Ten plus year olds are indeed amateurs, Jeff, who wear their favourite players name and number on their back when spectating. When p!aying they want to emulate those heroes and score the winning run, make a match winning contribution, take the winning wicket, be in the partnership which stops the opposition bowling them out. Under 12’s up are all aware who has scored the most runs, taken a bag and all rush to the scorer afterwards to ‘see their names in lights’, confirming they made 25 with 4 fours before being forced to retire. I know that from coaching, umpiring, scoring, as I’m sure you have too. The love for the game will not infect every kid who plays, because some are forced out there by zealous parents, but by Under 12’s understanding winning and that you can lose can be taught on field. As can the fact that some days your best effort won’t lead to a win, which as we’re both aware, is a life lesson too, unteachable on a game console with a replay button. Sport administrators have couched all volunteer participation in accreditation now, so the sportsmanship required for children to learn the acceptable responses to success, defeat and team orientation are in the hands of coaches as is the ability to discipline if poor sportsmanship is displayed, such as rubbing anyones nose in anything. As I said in my original post, the concept of cricket as a target driven past-time doesn’t have to preclude sportsmanship. Impressionable kids can be taught, especially when they want to succeed, but by 10 they’re well and truly over saying,’Mum, Mum, I hit a 4 today!’ They do that in the backyard, the grassy hill at Drummoyne Oval, or suburban park when Dad or Mum are playing. Ironically, or is it the real point, in those scenarios they keep score and rub it in, good naturedly or not, but in organised games there’s the structure to stamp it out or mellow it if it goes from ribbing to nasty. Seems to me we’re underselling our kids ability to accept direction.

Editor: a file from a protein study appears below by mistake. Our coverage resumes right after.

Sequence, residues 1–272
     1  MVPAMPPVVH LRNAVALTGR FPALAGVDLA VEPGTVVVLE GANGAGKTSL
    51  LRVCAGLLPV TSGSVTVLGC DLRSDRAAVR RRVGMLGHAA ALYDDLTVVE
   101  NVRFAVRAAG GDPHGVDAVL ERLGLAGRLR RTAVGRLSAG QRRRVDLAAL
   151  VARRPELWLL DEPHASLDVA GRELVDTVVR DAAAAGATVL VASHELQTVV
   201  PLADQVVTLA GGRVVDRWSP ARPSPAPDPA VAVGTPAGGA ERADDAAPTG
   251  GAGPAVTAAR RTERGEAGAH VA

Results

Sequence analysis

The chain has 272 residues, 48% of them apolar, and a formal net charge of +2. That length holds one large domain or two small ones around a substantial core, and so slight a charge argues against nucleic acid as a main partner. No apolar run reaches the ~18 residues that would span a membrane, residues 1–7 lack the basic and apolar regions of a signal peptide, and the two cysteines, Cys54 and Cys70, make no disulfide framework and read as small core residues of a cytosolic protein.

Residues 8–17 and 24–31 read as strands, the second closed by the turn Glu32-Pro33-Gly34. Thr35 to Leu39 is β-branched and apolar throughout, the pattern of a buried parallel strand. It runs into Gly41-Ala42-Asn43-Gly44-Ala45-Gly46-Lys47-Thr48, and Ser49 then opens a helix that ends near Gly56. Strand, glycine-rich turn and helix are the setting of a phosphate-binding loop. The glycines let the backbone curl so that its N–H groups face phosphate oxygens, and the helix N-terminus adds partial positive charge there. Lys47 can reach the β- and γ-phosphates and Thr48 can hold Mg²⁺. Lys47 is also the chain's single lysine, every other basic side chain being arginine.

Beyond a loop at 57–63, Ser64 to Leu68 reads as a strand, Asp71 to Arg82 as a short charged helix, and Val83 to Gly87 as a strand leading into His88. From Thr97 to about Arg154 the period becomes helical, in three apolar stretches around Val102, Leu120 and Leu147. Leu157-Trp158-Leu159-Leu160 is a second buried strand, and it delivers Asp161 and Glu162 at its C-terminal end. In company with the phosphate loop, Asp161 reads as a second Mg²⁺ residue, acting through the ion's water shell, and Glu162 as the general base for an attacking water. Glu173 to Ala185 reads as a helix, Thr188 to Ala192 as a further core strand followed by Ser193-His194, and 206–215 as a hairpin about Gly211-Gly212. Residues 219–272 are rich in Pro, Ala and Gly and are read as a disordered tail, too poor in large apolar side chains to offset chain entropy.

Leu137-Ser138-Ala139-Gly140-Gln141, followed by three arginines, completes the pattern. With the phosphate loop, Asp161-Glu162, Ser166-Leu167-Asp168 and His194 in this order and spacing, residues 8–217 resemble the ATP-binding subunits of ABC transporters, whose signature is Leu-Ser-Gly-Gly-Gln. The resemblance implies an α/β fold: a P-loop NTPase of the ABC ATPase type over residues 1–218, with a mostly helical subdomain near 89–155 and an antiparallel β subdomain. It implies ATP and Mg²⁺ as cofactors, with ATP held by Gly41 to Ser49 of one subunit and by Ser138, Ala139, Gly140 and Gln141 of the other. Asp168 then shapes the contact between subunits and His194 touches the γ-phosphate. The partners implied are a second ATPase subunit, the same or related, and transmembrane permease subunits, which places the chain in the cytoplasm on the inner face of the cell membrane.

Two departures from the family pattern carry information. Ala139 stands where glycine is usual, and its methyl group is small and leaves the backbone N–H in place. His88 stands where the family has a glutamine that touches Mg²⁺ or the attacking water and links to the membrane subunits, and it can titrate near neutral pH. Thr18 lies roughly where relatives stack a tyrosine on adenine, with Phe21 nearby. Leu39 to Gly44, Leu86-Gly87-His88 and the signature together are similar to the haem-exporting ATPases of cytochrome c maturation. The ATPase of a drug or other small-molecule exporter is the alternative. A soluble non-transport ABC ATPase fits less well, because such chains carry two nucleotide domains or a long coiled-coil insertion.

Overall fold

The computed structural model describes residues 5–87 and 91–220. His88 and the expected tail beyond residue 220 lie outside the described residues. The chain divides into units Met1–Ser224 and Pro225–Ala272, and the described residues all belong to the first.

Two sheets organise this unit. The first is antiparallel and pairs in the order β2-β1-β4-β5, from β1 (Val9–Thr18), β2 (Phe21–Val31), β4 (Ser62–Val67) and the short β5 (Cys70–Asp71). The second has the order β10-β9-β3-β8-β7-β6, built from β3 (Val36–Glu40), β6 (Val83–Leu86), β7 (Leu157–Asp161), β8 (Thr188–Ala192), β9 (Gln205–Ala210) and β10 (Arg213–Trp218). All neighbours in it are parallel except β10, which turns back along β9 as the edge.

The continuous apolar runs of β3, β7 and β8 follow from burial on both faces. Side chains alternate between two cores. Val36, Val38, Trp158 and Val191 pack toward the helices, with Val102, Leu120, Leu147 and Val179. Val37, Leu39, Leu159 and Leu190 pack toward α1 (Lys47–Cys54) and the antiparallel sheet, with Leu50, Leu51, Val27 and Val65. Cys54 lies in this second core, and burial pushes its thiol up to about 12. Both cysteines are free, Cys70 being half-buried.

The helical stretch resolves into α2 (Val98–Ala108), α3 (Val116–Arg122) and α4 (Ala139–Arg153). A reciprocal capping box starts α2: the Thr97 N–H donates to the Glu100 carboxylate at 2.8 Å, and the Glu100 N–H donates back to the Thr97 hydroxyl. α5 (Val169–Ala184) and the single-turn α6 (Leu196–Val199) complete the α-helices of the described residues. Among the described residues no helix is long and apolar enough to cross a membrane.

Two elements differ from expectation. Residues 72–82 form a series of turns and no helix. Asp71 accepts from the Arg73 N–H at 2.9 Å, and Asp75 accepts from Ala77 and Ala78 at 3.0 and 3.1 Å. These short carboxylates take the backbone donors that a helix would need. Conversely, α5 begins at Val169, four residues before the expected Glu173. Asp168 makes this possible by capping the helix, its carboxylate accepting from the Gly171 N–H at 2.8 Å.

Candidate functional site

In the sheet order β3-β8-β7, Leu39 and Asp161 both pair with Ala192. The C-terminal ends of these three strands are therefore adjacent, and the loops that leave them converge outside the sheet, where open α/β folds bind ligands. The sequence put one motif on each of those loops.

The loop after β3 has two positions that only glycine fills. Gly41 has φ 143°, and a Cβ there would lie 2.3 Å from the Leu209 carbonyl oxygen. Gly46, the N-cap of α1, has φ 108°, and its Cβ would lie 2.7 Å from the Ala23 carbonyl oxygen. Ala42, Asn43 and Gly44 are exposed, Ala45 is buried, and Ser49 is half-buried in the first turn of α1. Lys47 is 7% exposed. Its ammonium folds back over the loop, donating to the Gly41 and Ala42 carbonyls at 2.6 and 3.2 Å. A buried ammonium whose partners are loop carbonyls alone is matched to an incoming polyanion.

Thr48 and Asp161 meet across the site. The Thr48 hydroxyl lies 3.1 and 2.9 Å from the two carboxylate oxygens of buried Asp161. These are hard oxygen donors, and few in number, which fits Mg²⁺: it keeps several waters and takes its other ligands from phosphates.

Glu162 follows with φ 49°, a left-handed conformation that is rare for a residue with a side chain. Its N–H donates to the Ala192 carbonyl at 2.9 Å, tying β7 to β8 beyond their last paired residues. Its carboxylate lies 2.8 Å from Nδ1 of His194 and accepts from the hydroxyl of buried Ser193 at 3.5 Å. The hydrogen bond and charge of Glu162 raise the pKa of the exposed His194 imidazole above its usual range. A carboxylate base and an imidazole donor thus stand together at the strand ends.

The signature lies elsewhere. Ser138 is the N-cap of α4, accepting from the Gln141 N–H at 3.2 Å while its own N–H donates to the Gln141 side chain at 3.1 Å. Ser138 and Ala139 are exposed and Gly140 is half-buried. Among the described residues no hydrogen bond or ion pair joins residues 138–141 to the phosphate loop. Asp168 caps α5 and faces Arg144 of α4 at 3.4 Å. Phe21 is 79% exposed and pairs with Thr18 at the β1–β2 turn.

"We're gone, mate": Inter-generational ecstasy and agony as an Australian cricket fan